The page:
Particular attention must be paid not to touch with the fingers the generative tissues uncovered by cutting during the grafting operation, to avoid triggering processes which could hinder the take. Try to reduce to a minimum the time necessary for grafting, and prefer days with elevated humidity, no wind and temperatures fluctuating from 59 to 68 degrees F.
The choices of grafting method are (in order of preference) the double triangle, whip, cleft and flute, made on stocks of small dimensions, maximum diameter of 3/4 in. The triangle, cleft and whip graft joints are less susceptible to blight, since their surfaces close rapidly, making a perfect weld between the scion and stock, also minimizing desiccation. In this respect, the bark graft, executed with 2 scions, on stocks about 2 in. in diameter, is more fragile and is employed mainly to obtain a great quantity of scionwood. The grafts made near soil level, give optimal results in attachment and vigor, but demand more frequent cleaning of the stump sprouts.
This method, used predominantly in the chestnut culture region between Bologna & Rome, consists of insertion of the scion under the bark of the stock, after having cleaned up the surface of the cut with a grafting knife. This graft can be executed only when the bark is slipping, here (in Italy), beginning in the first half of April. When working on stumps of diameters 1.5 to 2 in., use 2 or 3 scions; for larger diameters, increase the number of scions. However, the larger number of scions necessary and longer time required for recovery of the surface of the cut favor a blight attack and the penetration of the microorganisms that cause wood decay.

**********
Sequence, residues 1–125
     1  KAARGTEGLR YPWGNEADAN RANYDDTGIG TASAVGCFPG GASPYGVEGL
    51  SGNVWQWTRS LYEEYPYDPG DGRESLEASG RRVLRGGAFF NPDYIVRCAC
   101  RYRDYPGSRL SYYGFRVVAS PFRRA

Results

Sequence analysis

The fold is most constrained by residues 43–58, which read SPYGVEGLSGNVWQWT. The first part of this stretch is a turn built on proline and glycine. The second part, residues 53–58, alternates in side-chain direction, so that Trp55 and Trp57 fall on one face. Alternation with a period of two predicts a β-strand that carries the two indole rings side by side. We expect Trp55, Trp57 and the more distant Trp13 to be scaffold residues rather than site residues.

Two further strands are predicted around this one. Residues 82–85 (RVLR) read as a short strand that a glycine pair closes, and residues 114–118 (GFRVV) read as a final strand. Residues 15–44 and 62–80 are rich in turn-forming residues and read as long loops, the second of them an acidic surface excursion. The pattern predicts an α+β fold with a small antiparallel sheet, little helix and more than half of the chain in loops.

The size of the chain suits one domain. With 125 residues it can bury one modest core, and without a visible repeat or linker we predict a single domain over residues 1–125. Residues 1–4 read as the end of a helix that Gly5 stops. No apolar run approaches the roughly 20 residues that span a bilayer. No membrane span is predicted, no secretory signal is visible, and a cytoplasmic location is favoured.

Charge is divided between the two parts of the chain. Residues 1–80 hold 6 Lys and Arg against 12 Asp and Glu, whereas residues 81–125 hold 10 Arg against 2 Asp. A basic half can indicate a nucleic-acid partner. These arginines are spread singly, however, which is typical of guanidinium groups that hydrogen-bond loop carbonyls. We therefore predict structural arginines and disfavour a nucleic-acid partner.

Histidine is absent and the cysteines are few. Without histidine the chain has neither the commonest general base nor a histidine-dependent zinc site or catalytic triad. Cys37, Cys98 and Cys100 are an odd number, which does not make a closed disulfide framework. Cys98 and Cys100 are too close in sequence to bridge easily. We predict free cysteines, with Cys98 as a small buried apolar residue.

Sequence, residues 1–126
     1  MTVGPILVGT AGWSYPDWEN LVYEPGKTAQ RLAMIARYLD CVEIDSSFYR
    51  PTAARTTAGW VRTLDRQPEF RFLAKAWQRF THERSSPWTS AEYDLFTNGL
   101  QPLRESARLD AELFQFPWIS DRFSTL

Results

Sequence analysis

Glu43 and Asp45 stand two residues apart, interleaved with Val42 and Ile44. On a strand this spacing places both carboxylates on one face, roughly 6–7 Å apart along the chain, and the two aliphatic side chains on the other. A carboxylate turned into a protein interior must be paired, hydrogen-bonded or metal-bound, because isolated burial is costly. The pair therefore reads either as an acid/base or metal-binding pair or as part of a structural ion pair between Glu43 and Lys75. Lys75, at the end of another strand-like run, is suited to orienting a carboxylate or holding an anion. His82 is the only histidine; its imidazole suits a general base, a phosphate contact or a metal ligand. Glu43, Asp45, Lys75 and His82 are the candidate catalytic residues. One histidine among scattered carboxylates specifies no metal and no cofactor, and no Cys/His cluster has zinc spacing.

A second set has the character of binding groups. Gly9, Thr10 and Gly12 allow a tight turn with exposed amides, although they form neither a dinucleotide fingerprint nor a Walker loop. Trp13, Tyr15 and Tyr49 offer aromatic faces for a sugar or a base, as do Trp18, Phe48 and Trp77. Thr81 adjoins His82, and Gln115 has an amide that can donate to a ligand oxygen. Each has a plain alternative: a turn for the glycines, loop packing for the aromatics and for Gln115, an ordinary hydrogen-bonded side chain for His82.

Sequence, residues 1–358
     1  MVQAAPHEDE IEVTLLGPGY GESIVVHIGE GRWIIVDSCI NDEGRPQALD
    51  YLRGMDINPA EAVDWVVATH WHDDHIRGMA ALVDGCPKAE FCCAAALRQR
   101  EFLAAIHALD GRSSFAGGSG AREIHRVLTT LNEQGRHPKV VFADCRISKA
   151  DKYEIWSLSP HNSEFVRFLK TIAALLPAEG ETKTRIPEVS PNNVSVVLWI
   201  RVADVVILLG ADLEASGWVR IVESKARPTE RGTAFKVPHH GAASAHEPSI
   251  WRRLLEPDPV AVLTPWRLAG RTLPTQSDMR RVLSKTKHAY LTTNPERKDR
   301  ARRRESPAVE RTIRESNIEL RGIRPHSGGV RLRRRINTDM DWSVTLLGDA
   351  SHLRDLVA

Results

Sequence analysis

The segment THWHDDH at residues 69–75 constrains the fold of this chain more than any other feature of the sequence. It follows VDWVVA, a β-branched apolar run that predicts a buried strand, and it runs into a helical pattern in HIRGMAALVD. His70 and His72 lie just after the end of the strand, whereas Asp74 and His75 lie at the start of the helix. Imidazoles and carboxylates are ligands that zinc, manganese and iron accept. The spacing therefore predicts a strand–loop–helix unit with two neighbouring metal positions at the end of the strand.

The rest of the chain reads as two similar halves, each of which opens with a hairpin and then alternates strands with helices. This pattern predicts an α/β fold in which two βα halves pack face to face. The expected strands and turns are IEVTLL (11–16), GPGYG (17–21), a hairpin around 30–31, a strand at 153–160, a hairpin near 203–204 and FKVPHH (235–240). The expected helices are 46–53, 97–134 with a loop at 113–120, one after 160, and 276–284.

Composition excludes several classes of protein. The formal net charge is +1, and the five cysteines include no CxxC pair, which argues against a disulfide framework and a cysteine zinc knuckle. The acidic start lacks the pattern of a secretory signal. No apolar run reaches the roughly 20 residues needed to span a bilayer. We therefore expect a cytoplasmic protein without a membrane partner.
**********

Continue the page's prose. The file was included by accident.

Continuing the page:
The scion should be cut in the part turned opposite the center of the stock with a single cut slightly oblique, otherwise with 2 cuts, to obtain a step which serves to support the scion. Usually, a thin strip of bark from the reverse external side of the scion is removed. Normally for this type of graft, short scions having 2 healthy buds are used, because scions of greater length could shift, causing failure of the graft. These are tied with raffia or other suitable material. The surface of the cut and the top of the scion are covered with plenty of grafting tar or wax to avoid dehydration.
For this graft the scion and stock must have the same diameter, preferably about 3/8 inch. The cuts made in the stock must be the same as at the base of the scion, which should have 2 healthy buds. First a long cut, 5/8 to 1.5 inch is made, smooth and oblique. When working with larger material, longer cuts are made. On each of the surfaces a cut in the opposite direction is opened, executed from top to bottom, starting from a point situated about a quarter of the distance from the edge and about half as long as the first cut.